I am trying to understand the independent t-test formula. It is to test if A and B have the same mean, assuming A and B have the same variance. The t is calculated by the following formula:

$A = A_1, A_2, A_3, ..., A_{n_A}$

$B = B_1, B_2, B_3, ..., B_{n_B}$

$S = \frac{(n_A-1)s_A^2+(n_B-1)s_B^2}{n_A+n_B-2}$

$t = \frac{m_A - m_B}{\sqrt{\frac{S}{n_A}+\frac{S}{n_B}}}$

Is it possible to use the unbiased variance of A + B instead of the $S$?

$A + B = A_1, A_2, A_3, ..., A_{n_A}, B_1, B_2, B_3, ..., B_{n_B}$

  • 1
    $\begingroup$ Reconsider your premises: That $s^{2}$ in your post is an unbiased estimate of the variance, for two groups that might have different means. $\endgroup$
    – Glen_b
    Oct 3 at 23:27
  • $\begingroup$ Thank you for pointing it out. What should I use? Tried using $S$ for now $\endgroup$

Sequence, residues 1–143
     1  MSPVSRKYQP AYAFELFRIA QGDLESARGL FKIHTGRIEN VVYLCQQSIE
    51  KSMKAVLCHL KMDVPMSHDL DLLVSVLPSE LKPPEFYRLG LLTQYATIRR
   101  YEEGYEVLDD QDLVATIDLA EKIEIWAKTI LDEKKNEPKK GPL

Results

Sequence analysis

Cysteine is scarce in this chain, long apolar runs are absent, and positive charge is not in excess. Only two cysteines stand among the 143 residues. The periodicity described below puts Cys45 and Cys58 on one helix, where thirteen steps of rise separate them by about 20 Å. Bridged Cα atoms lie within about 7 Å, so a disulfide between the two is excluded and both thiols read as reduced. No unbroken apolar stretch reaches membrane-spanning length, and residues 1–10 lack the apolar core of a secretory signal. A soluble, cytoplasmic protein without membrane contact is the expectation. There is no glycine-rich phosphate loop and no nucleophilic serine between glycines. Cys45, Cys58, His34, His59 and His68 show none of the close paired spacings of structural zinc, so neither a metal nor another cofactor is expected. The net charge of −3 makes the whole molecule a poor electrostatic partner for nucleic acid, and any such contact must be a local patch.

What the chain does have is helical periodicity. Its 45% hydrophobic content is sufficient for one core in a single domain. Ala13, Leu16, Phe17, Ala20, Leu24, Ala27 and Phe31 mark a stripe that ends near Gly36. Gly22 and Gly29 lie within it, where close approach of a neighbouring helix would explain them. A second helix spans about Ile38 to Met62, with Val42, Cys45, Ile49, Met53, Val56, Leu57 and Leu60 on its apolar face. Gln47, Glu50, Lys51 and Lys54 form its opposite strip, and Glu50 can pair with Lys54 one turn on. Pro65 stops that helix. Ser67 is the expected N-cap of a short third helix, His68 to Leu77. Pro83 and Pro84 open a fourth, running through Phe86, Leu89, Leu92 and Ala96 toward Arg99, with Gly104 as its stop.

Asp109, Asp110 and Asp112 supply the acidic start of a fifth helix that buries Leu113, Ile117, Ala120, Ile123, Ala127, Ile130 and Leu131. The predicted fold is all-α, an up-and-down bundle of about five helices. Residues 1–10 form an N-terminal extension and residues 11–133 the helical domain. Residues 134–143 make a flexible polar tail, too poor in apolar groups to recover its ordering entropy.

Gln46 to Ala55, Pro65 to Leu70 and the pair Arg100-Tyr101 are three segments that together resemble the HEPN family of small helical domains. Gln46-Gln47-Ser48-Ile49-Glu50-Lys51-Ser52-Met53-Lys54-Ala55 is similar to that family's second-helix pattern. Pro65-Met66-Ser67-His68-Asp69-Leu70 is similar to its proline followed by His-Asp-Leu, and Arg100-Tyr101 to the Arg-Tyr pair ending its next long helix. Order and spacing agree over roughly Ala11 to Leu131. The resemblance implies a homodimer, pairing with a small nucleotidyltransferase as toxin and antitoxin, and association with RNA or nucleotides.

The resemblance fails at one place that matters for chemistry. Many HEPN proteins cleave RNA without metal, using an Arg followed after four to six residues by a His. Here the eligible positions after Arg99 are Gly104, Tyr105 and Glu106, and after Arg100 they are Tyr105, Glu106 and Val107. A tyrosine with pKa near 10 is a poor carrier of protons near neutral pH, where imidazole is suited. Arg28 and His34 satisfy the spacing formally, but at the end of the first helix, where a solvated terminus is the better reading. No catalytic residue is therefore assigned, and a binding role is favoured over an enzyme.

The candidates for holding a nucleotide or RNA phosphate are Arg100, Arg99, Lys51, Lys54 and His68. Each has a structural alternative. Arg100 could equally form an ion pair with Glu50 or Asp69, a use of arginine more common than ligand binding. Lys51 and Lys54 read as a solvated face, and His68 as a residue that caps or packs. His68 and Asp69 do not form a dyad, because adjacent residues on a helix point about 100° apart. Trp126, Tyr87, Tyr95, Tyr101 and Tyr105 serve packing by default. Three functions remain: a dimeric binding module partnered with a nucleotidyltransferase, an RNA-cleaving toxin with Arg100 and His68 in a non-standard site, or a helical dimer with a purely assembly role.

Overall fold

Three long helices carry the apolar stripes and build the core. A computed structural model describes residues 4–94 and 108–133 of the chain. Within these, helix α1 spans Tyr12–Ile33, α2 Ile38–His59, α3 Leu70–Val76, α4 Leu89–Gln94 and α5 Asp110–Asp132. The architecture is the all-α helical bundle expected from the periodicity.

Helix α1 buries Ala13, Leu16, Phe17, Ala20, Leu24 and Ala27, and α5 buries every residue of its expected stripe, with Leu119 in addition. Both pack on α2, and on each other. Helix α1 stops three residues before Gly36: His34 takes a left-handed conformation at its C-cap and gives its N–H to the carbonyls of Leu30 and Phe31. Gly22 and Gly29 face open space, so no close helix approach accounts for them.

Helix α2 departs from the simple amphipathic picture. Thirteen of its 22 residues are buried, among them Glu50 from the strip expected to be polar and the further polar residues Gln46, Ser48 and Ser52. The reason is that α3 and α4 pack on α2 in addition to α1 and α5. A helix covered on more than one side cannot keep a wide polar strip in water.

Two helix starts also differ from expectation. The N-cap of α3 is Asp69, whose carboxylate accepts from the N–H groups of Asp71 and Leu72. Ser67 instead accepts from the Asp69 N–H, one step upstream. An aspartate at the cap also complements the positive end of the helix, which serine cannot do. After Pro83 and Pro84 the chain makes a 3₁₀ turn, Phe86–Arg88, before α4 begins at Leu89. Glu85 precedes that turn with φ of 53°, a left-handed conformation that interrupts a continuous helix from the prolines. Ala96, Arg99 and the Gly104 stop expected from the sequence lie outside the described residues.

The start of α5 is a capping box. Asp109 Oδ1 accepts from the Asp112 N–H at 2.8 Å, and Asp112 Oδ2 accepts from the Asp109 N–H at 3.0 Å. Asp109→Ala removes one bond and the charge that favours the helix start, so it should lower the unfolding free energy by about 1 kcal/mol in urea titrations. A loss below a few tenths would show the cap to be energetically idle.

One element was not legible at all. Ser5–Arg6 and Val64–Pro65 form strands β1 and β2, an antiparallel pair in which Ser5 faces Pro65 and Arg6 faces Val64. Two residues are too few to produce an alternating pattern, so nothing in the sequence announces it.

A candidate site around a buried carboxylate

– Jihyun
    Oct 4 at 0:54
  • 1
    $\begingroup$ I don't understand your question. What's the problem with using $s^2$? $\endgroup$
    – Glen_b
    Oct 4 at 1:04

1 Answer 1


It's a bad idea. If the means in the two groups are different, the variance computed from the two groups combined will include the between-group variation and so will be larger than the true within-group variance $s^2$.

For example: two groups of size 30, where A has mean 0 and B has mean 5

> a<-rnorm(30)
> b<-rnorm(30,mean=5)
> var(a)
[1] 0.5855081
> var(b)
[1] 0.858661
> var(c(a,b))
[1] 7.901566

Under the null hypothesis you would still get an unbiased estimator of $s^2$, but when the null is false you will overestimate $s^2$ and so lose power compared to the standard $t$-test


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